On Thursday, the City of Luxembourg published a press release announcing the use of private agents in the Gare and Ville Haute neighbourhoods, “to fight against the feeling of urban insecurity and strengthen public tranquility”. They should not, according to the local authorities, encroach on the work of the police but serve as reinforcement.
It didn’t take long for criticism to surface. The very next day, the department of homeland security said that it was “opposed to the privatisation of the law and order service, which remains an exclusive mission of the specially trained police officer”.
It added: "It is essential to maintain a strict division of labour, since private security companies are not authorised to carry out police missions--a position that the ministry has repeatedly reiterated. The most important political and legal principle in the field of private security in Luxembourg is and has always been to not make private security agents auxiliary police officers. They have not been trained in the fight against drug-related crime, unlike the officers in police stations of the neighborhoods in question."
A very political question
“We do not understand the point of this criticism,” said mayor Lydie Polfer (DP). “The presence of security officers is only preventive.” She remembers her concern regarding the “known but not improving security situation” in these two neighbourhoods. Drug trafficking “and all that entails” seems to be at the root of the problem.
On RTL, Henri Kox (Déi Gréng), minister for internal security, said the measure seemed “illegal”. A statement quickly clarified to the Wort when the minister specified that the public road remained accessible to all, and that the municipal administration could call upon a security company.
But the situation had already fanned the flames of anger, and the commune did not hide its dissatisfaction regarding these criticisms. The opposition saw this as a topic for debate. Déi Lénk, having heard the word “illegal”, asked the minister to put pressure on the city in order to withdraw the measure and, failing that, to refer it to the administrative judge to prevent the execution and obtain annulment. "We also call on the interior minister, Taina Bofferding (LSAP), to intervene as minister resposnsible for the college of mayors and aldermen of the city of Luxembourg.”
Not the same missions as the police
What the municipal college wants to put in place as of 1 December are two teams composed of two agents with a guard dog in the Gare district and one team composed of two agents and a guard dog in the Ville Haute. Agents from the company GDL Security, selected by tender according to the mayor. She did not give details on their schedule in the Gare neighbourhood, which will be variable and will not correspond to "office hours". However, they should nevertheless monitor the Ville Haute between 2pm and 8pm.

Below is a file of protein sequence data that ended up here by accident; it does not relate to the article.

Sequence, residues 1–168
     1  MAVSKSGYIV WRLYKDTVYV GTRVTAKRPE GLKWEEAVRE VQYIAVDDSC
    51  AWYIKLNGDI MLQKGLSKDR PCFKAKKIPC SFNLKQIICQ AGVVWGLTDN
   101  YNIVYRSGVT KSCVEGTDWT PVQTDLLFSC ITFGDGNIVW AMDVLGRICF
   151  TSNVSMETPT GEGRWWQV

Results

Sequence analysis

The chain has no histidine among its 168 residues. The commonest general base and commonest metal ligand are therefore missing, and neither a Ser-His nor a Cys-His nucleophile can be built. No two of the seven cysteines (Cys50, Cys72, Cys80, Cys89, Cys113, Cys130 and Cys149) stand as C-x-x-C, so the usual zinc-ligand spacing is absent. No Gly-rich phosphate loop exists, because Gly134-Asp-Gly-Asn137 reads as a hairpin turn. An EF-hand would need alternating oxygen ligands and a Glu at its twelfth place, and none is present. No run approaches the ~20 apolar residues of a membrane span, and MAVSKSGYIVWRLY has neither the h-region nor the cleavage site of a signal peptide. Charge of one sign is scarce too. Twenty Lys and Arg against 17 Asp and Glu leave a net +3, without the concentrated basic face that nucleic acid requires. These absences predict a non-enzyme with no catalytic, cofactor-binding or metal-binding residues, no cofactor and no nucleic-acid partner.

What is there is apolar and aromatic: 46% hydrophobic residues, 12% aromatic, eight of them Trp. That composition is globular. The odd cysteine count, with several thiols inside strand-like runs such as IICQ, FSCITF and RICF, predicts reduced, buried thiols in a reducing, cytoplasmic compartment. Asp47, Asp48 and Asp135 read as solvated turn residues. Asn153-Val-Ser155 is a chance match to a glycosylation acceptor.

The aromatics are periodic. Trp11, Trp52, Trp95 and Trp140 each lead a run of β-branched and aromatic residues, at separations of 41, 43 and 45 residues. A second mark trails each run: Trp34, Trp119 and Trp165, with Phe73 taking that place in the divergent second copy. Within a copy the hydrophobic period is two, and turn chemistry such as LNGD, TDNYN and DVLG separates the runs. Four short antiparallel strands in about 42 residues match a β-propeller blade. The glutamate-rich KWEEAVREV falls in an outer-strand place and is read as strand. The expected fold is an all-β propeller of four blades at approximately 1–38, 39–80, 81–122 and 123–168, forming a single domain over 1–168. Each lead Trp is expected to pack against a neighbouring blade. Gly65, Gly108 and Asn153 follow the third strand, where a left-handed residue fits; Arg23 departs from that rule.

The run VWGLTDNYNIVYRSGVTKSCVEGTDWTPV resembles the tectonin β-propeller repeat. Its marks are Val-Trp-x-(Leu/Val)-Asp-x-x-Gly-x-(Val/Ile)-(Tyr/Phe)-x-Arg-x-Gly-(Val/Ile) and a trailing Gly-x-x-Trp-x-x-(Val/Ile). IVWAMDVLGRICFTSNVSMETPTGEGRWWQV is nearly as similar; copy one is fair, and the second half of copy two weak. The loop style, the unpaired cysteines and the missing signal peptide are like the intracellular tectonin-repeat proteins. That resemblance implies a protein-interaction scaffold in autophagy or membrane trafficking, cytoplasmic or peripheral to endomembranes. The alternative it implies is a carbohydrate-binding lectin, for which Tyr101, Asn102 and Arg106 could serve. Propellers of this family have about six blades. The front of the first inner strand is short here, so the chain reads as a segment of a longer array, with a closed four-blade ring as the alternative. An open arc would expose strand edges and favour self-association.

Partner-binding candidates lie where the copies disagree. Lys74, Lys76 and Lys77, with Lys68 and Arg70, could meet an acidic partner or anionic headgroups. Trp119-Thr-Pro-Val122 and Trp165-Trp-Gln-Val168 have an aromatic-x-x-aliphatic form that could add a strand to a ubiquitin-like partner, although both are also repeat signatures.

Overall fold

Although the mayor welcomes the increase in the number of police officers (30), “they cannot be everywhere”. Private agents are an “additional presence”. Their tasks, governed by the amended law of 12 November 2002 on private security and surveillance activities, are not the same as those of the police, governed by the law of 18 July 2018 on the police.
They do not have the right to check an individual’s identity or to carry a weapon. Their role will be to call the police if necessary, or to act "as any citizen in the assistance to anyone in danger,” she explained.
Polfer also pointed out that other elected representatives call on private companies in the public space, such as Differdange. Similarly, in Luxembourg, private agents are used to monitor the parks or the Schueberfouer.
When asked about it, the departments of homeland security and public service were unable to provide statistics on this type of public/private collaboration in the country. In any event, “the department of homeland security does not support this policy even though, because of the autonomy of the municipalities, it cannot oppose it as long as the framework of the law on guarding activities is respected”.
Legislative issue accoridng to the SNGPL
The police union (Syndicat national de la police grand-ducale Luxembourg, or SNPGL) wants to distinguish between the surveillance of specific places, such as a park, events or buildings, like the station, entrusted to Dussmann, and public space, assigned to the police.
It also opposes the measures announced by the City: “What is the legal basis for assigning the maintenance of public order to private companies?” asked union president Pascal Ricquier. He does not see the point: “The problem is not only the number of staff,” he explains, without being able to say precisely how many officers are deployed at the Gare in normal times.
“Even if we had a hundred more people, it would be useless if there is no legal basis. The police can do nothing at all. [They] cannot drive people away, so [they] tell them to leave, but the problem is moved from one street to another.” A law giving the local police the possibility of “expulsion” would solve the problem, he said.
The “preventive presence mission”, which seems more symbolic than effective according to many actors, should last from 1 December 2020 to 31 January 2021. “After that, we will see how this experience was perceived”, predicts the mayor, who says she wants to meet again with the ministry of homeland security, the ministry of justice as well as the residents of the Gare district.
As for long-term solutions, the recruitment of 600 police officers should allow a reinforced system at the station. "It will take [three, editor’s note] years, we cannot do nothing".
This article was originally published in French on Paperjam.lu and translated and edited for Delano.